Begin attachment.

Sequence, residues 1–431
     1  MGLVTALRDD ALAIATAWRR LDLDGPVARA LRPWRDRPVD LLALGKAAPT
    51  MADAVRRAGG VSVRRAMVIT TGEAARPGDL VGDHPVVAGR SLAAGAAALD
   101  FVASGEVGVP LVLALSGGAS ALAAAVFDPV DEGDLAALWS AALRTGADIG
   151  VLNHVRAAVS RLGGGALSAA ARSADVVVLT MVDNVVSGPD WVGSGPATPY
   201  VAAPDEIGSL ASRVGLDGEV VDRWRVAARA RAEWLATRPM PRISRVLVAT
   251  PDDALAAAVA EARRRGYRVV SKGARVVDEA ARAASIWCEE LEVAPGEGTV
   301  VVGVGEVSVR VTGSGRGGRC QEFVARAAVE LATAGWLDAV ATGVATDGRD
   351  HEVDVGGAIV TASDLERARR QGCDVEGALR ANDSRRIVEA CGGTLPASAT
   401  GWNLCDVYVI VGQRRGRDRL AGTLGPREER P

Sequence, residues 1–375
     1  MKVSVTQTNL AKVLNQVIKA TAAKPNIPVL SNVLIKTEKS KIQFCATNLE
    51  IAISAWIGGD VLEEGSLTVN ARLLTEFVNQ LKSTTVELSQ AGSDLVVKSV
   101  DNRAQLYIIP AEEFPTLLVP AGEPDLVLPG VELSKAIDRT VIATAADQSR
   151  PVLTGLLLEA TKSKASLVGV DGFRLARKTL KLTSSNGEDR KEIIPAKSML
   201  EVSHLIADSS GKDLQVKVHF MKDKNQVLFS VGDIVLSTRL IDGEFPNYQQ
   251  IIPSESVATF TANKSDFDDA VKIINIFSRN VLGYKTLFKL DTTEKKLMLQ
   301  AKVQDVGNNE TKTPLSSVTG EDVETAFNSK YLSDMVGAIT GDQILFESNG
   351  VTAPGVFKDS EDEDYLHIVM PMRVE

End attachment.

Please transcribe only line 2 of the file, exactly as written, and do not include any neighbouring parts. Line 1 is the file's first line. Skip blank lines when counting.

     1  MGLVTALRDD ALAIATAWRR LDLDGPVARA LRPWRDRPVD LLALGKAAPT